CHAPTER XXIV

HEAD-HUNTING, ITS PRACTICE AND PURPOSE

The Penihings still live in dread of the head-hunting raids of the Ibans of Sarawak, and the probability of such attacks no doubt caused the recent establishment of a garrison at Long Kai. The Long-Glats on the Merasi, a northern tributary to the Mahakam, are also constantly on guard against the Ibans. Until lately these inveterate head-hunters would cross the mountains, make prahus, then travel down the Upper Mahakam, and commit serious depredations among the kampongs, killing whomsoever they could, the others fleeing to the mountains. As one Penihing chief expressed it to me: "The river was full of their prahus from the Kasao River to Long Blu." Their last visit was in 1912, when the Bukats reported that a number of Ibans had arrived at the headwaters of the river, but the raid did not materialise, and they retired without making prahus. These raids have naturally brought about much intermingling of the tribes on the Mahakam River, and sometimes three or more may be found living in one kampong.

About twenty years ago there was much fighting in these remote parts of Borneo among Penihings, Saputans, Penjabongs, and Bukats, each tribe making head-hunting raids into the dominions of another, and all being constantly exposed to the fury of the Ibans from the north. Head-hunting raids may include assaults on kampongs, but very often they are cowardly attacks on small groups of unsuspecting people, men, women, and children. The heads thus secured appear to be as highly valued as those acquired under more heroic conditions. The fact is also noteworthy that the heads of Malays are appreciated, but, with few exceptions, not those of white people. Several times I heard of Malay rattan or rubber gatherers who had been disposed of in that way. The head is severed by one stroke.

As a typical case of head-hunting I give the following description of a raid which, twelve years previous to my visit, was made by ten Bukats upon a small party of Saputans who were on a babi hunt. Among the Penyahbongs, Saputans, Punans, and Penihings a woman may accompany her husband or another man on the chase, carry a spear, and assist in killing pig or deer. Bear she does not tackle, but, as my informant said, "even all men do not like to do that." She also carries her own parang, with which she may kill small pigs and cut down obstacles in her path. The hunting-party, one man and three women, had been successful. The babi had been killed with spears and, in accordance with custom, the head had been cut off with a parang. The carcass had been cut up and the three women carried the meat in the coarse-meshed rattan bags on their backs, while the man bore the head on his shoulder, all homeward bound, when the Bukats attacked them. Only one woman escaped.

The slayers hurried off with the three heads, being afraid of the people of the kampong which was not far away. As usual the heads were tied by the hair to the handle of the shield, and were thus carried to the place where the rattan bags had been left, inside of which they were then placed.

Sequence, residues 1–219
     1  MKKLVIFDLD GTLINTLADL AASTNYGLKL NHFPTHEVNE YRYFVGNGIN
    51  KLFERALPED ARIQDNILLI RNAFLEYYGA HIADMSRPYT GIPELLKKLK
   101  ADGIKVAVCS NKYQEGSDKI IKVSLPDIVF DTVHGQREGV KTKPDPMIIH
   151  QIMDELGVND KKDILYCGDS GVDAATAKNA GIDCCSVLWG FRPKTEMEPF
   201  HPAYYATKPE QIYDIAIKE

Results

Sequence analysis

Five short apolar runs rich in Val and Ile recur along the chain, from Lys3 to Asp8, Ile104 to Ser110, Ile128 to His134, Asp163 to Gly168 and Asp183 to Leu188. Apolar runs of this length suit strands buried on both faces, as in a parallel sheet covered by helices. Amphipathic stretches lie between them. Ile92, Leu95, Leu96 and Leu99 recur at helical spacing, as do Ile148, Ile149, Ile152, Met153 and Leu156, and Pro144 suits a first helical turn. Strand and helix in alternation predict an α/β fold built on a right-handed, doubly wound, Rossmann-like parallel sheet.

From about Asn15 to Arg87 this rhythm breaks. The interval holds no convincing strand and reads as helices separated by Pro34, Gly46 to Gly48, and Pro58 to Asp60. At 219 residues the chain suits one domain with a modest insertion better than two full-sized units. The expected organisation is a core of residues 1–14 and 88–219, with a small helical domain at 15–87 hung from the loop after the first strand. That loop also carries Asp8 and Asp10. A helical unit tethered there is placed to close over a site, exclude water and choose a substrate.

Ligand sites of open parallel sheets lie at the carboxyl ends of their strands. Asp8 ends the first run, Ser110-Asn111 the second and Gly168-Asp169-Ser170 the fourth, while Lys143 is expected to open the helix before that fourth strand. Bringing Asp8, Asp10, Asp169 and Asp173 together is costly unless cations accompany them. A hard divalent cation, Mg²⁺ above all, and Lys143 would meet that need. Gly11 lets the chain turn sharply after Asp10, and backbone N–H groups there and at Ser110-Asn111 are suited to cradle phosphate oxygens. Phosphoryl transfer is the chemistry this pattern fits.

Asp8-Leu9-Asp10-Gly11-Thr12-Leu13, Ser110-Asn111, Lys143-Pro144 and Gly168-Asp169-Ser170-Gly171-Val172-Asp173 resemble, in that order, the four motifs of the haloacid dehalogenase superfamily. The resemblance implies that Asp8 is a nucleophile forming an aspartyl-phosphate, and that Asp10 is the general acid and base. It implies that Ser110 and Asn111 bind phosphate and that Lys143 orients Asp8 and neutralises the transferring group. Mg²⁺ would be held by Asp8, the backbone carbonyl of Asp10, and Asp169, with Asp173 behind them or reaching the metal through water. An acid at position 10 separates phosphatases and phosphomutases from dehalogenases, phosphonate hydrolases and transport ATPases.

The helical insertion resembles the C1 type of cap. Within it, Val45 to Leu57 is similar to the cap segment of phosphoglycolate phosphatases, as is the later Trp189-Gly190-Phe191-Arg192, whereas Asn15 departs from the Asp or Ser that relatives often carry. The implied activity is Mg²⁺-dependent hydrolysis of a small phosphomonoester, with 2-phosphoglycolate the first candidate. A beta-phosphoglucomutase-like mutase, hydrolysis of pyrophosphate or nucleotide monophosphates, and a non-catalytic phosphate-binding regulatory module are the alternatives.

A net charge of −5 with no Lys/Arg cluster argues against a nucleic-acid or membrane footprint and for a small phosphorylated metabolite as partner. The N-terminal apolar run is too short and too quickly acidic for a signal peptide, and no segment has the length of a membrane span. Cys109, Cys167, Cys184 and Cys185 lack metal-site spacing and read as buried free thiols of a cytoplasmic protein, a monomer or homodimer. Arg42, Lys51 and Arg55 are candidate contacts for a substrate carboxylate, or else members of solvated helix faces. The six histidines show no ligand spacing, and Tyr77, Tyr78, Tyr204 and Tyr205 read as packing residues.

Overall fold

After taking heads the men are on the run for two or three days, travelling at night with torches, and in the evening they make a big fire to dry the heads. The brains, because of the weight, may have been taken out the first evening; this is done through the foramen, and a hole is made with a spear point in the top of the skull. The hair has first been cut off and taken care of, to be tied as ornaments to shields or plaited round the handle of the sword. The Katingans, however, throw away the hair with the flesh. Apprehensive of pursuit, they may dry the head but a little while each night, grass being tied round it when carried. Sometimes damar is used to dry the flesh and the eyes.

The last night out the head-hunters always sleep near their kampong, and early next morning, while it is still dark, they come singing. The people of the kampong waken, array themselves in their best finery, and go to meet them, the women wearing their newest skirts and bringing pieces of nice cloth to present to the conquerors. The man who cut the head carries it suspended from his neck until it is taken from him by a woman who gives him the cloth to wear instead, possibly as a badge of heroism. It makes no difference whether this service is performed by his wife, an unmarried woman, or another man's wife. The singing ceases and all proceed to the kampong, to the house of the kapala, where the heads are hung from the beam at the head of the ladder, and the cloths which were bestowed upon the victors are returned to the women. The heads are left hanging, while for the festivities connected with their arrival a hut, called mangosang, is constructed, consisting of an airy shelter made of two rows of bamboo stalks supported against each other, and profusely adorned with the inevitable wood shavings.

The head-hunters, who must take their food apart from their associates and in the presence of the heads, now bring water from the river to boil rice, in bamboo, outside on the gallery. When the cooking is finished the heads are brought to take part in the meal, being hung near the place where the men are to eat and about half a metre above the floor, to be out of reach of dogs. A pinch of rice is put into the hole at the top of the skull and the head is addressed in the following words: "Eat this rice first. Don't be angry. Take care of me. Make this body of mine well." During the period of restrictions imposed on the hunters the heads remain at the same place, sharing the meals as described.